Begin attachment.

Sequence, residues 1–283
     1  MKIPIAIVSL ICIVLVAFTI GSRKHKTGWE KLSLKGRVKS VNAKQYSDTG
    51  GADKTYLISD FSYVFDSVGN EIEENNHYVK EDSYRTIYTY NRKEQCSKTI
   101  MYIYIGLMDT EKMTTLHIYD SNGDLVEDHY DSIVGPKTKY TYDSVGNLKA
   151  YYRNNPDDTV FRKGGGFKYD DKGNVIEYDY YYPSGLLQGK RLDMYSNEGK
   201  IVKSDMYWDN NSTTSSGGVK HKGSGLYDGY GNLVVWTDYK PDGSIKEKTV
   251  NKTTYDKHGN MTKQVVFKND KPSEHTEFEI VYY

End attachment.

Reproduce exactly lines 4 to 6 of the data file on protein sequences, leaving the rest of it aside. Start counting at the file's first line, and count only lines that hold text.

   101  MYIYIGLMDT EKMTTLHIYD SNGDLVEDHY DSIVGPKTKY TYDSVGNLKA
   151  YYRNNPDDTV FRKGGGFKYD DKGNVIEYDY YYPSGLLQGK RLDMYSNEGK
   201  IVKSDMYWDN NSTTSSGGVK HKGSGLYDGY GNLVVWTDYK PDGSIKEKTV